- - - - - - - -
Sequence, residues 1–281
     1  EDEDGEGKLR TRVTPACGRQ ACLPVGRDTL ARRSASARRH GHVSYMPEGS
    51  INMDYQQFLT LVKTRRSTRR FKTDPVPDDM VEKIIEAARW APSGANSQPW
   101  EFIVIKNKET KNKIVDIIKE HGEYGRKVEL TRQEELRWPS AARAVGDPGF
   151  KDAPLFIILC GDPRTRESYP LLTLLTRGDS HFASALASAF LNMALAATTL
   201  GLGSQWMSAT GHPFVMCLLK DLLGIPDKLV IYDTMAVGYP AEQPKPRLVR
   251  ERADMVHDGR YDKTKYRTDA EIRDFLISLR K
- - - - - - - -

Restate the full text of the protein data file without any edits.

Sequence, residues 1–281
     1  EDEDGEGKLR TRVTPACGRQ ACLPVGRDTL ARRSASARRH GHVSYMPEGS
    51  INMDYQQFLT LVKTRRSTRR FKTDPVPDDM VEKIIEAARW APSGANSQPW
   101  EFIVIKNKET KNKIVDIIKE HGEYGRKVEL TRQEELRWPS AARAVGDPGF
   151  KDAPLFIILC GDPRTRESYP LLTLLTRGDS HFASALASAF LNMALAATTL
   201  GLGSQWMSAT GHPFVMCLLK DLLGIPDKLV IYDTMAVGYP AEQPKPRLVR
   251  ERADMVHDGR YDKTKYRTDA EIRDFLISLR K